6. On November 16, 2004, Dooley filed a Notice of Intent (NOI 1) with the Commission seeking permission to carry out field maintenance activities on Locus and lot 18 to restore the portion of the land that had been mowed without a permit to its natural vegetative state. Dooley also intended to clarify the location of BVW and associated buffer zones. On May 4, 2005, the Commission issued an order of conditions (the Order) authorizing the maintenance work under both the MWPA and the Bylaw. Pursuant to these regulatory schemes, the Order delineated a 50-foot buffer zone of natural vegetation adjacent to BVW (Inner Buffer Zone). Furthermore, it established an area between 50 and 100 feet outside BVW in which no work was to take place other than the restorative maintenance work (Outer Buffer Zone). [Note 3]
The Order included condition #30: No materials, including grass clippings and brush, may be dumped within the wetlands or the upland resource areas on site. This condition shall remain in perpetuity, (emphasis in original). The Order also contained condition #34: Any future work, including landscape and tree alteration, on this property will need Conservation Commission review if it is within 100' of wetland resource areas.
7. On June 26, 2006, Dooley filed a second Notice of Intent (NOI 2) seeking permission to develop Locus within the buffer zones (the Project). NOI 2 described the intended work for the Project: site preparation including emplacement of siltation controls, clearing, grubbing, excavation and rough grading; construction of a single-family dwelling with attached, lower level garage and rear post-supported deck; construction of portions of the driveway, associated drainage and retainage; construction of landscape amenities including masonry walks and patios set in sand rather than grout, associated terraced planting areas and in-ground stairs, and a gazebo; and utility connections finished grading and revegetation of work areas between 50' and 100' from the BVW.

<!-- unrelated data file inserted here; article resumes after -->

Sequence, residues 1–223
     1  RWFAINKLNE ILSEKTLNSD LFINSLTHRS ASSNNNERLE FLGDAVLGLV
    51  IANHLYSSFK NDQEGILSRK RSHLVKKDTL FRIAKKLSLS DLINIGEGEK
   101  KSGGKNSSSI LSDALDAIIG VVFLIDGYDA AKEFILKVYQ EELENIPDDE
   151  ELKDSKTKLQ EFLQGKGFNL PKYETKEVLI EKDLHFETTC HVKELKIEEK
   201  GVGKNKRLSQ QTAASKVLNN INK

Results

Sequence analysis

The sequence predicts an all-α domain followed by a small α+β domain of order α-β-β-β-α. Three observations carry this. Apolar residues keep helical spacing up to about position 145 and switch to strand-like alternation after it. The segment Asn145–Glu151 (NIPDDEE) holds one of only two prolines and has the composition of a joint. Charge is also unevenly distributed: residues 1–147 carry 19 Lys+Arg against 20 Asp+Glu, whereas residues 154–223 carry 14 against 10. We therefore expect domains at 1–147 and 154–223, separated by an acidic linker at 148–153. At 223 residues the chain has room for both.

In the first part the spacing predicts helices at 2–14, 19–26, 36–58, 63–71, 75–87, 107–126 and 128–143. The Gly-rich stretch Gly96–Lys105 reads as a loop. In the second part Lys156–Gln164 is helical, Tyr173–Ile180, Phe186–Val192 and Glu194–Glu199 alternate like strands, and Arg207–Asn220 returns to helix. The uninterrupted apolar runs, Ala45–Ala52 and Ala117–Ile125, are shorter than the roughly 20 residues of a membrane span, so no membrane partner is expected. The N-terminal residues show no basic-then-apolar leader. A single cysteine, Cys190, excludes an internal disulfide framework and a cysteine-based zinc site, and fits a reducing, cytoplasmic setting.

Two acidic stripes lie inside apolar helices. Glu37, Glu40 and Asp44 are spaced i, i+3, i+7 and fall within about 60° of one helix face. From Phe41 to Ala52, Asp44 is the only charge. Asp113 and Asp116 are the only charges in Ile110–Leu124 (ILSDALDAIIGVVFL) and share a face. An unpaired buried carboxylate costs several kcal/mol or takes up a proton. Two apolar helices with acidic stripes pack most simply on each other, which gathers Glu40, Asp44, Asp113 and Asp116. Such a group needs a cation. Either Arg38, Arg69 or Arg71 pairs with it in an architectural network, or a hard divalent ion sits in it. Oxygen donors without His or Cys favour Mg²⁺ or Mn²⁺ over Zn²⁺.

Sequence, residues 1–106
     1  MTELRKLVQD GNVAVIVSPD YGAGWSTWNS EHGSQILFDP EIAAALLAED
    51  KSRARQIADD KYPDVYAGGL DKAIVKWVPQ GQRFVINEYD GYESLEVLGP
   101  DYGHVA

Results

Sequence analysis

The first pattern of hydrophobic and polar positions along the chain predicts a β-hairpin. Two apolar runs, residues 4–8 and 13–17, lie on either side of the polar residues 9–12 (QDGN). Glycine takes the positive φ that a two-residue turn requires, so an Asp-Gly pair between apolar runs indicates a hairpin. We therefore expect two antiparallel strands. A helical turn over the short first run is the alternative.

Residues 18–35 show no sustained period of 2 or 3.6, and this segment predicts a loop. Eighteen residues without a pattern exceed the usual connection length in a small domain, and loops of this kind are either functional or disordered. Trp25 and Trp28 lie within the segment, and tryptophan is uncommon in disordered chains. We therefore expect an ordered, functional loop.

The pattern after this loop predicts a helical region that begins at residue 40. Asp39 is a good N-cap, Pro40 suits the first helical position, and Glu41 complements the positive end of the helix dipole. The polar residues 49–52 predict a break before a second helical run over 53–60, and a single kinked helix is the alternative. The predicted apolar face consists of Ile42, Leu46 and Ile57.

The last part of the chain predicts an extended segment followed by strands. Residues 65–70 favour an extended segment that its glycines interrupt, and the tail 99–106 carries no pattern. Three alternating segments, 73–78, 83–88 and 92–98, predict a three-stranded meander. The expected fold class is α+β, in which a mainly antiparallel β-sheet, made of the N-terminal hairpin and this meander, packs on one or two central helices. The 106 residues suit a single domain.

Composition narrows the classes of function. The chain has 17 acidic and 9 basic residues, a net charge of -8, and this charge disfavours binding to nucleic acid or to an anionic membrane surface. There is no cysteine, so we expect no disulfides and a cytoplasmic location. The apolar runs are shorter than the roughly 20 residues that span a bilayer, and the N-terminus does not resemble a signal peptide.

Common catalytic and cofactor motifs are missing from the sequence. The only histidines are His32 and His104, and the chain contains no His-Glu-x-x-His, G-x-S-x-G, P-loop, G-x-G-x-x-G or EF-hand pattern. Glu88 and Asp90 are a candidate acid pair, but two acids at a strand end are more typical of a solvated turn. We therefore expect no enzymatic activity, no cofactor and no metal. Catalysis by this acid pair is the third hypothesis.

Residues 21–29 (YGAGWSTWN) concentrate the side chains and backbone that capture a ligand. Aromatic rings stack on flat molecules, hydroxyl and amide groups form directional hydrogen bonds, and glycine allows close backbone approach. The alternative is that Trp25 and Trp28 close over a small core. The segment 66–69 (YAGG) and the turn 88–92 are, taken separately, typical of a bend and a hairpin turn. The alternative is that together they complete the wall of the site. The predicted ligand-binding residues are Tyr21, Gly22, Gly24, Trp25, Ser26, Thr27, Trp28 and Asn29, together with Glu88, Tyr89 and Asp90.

NOI 2 also detailed how gutters connected to leaching catch basins, stone leaching beds, and the use of sand rather than grout under the patio and walkway would control runoff. Further, it described how the positioning of filter fabric backed, staked haybales placed . . . and maintained in accordance with Best Management Practices of the USDA/NRCS would reduce short-term erosion and sedimentation damage during construction. Furthermore, it stated that [l]ong term erosion and sedimentation controls are provided by: maintenance of the 50+' vegetated buffer . . . ; providing vegetated terraces to act as surface runoff traps . . . ; providing stone drains at the end of the driveway . . . ; and maintenance of vegetative cover over the remainder of the site.
8. Between July 17 and September 19, 2006, a number of abutters submitted letters in response to NOI 2, opposing approval of the Project.
9. At a July 19, 2006, public hearing, Arlene Wilson (Wilson), an environmental planner representing Dooley, presented a plan of the Project. The plan proposed a 3,344 square-foot dwelling, entirely within the Outer Buffer Zone, with the east perimeter ranging between six and fifteen feet from the edge of the Inner Buffer Zone. Furthermore, the Project would have a total disturbance area of 8,500 square feet within the Outer Buffer Zone.